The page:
Clearing the cache on an Amazon Fire tablet isn’t all that difficult. Allow us to walk you through the process. The first thing you will need to do is grab the tablet and then shut it down entirely using the lower volume and power button technique.
As soon as you see the Amazon logo pop up on the screen, the next thing to do is let go of the power button but keep pressing the volume down button. This will then open up a screen that is known as the recovery screen. On here, you should see that there is an option to wipe the cache.
And that’s it! Once you have done all of that, all that remains is to hit the power button. When the cache wipe has finished, you should then switch the Amazon Fire tablet off and then on again. After this point, there is a pretty good chance it will start working normally again.
- Too many installed Apps
Now that we’ve tested all of the more common causes of this issue, we should start going into some outlying causes. One such is an issue wherein the Amazon Fire tablet will start to misbehave severely if there are just too many apps on it working at the same time.
How this works is that the apps will be running away in the background, consuming all of the available bandwidth for the device. This will then manifest in the form of the device looking like it has slow internet.
To avoid this, we would recommend going through all of the apps on your Amazon Fire tablet and deleting anything that never or rarely gets used to free up space.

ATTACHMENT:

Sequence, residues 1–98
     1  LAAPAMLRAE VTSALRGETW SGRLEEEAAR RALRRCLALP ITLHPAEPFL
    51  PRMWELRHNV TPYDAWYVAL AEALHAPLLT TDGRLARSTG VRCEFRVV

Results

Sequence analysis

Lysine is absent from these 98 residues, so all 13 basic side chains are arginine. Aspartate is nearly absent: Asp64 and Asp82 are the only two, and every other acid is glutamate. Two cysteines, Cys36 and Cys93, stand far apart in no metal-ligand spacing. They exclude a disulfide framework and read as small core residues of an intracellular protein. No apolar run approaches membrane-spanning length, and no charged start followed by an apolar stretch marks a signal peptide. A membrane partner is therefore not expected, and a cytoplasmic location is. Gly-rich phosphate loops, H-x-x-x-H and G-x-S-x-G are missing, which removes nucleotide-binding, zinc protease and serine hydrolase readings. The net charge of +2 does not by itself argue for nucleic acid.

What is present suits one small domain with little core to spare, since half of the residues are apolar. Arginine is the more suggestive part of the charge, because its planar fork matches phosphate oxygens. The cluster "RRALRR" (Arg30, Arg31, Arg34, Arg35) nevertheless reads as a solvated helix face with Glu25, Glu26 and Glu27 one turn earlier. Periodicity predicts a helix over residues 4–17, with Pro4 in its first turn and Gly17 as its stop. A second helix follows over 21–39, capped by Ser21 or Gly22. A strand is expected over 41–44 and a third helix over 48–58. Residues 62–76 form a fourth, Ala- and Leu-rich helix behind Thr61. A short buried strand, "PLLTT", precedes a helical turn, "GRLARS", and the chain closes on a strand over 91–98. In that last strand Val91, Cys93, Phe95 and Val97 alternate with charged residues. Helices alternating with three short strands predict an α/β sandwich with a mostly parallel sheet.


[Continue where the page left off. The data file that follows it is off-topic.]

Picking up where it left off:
- Telemetry Reporting
Not many Amazon Fire tablet users will ever have to think about this, but their devices are working behind the scenes, sending data about how your tablet is being used to Amazon.
This too can consume a fair amount of bandwidth, causing your tablet to run slow. Luckily, this feature can be disabled by the user, and it isn’t all that difficult to do so. Here is how it is done.
To disable the telemetry reporting feature, the first thing you will need to do is go into the settings menu of your Amazon Fire tablet. Then, head over to the security and privacy option in the settings.
From here, you will need to go into the marketing tab and then disable the telemetry reporting feature within this menu. With a bit of luck, this should have finally fixed the issue for you. If not, there is still one more thing to try.
Though Alexa can be an excellent addition to the household, it can also cause all sorts of other issues that you may not have anticipated. After all, it being a smart home system, it too needs to be connected to the internet and demands a share of the bandwidth to run .
On top of that, it will also cause the battery to drain faster. So, before giving up on your Amazon Fire tablet, try disabling Alexa on it first and see does that work.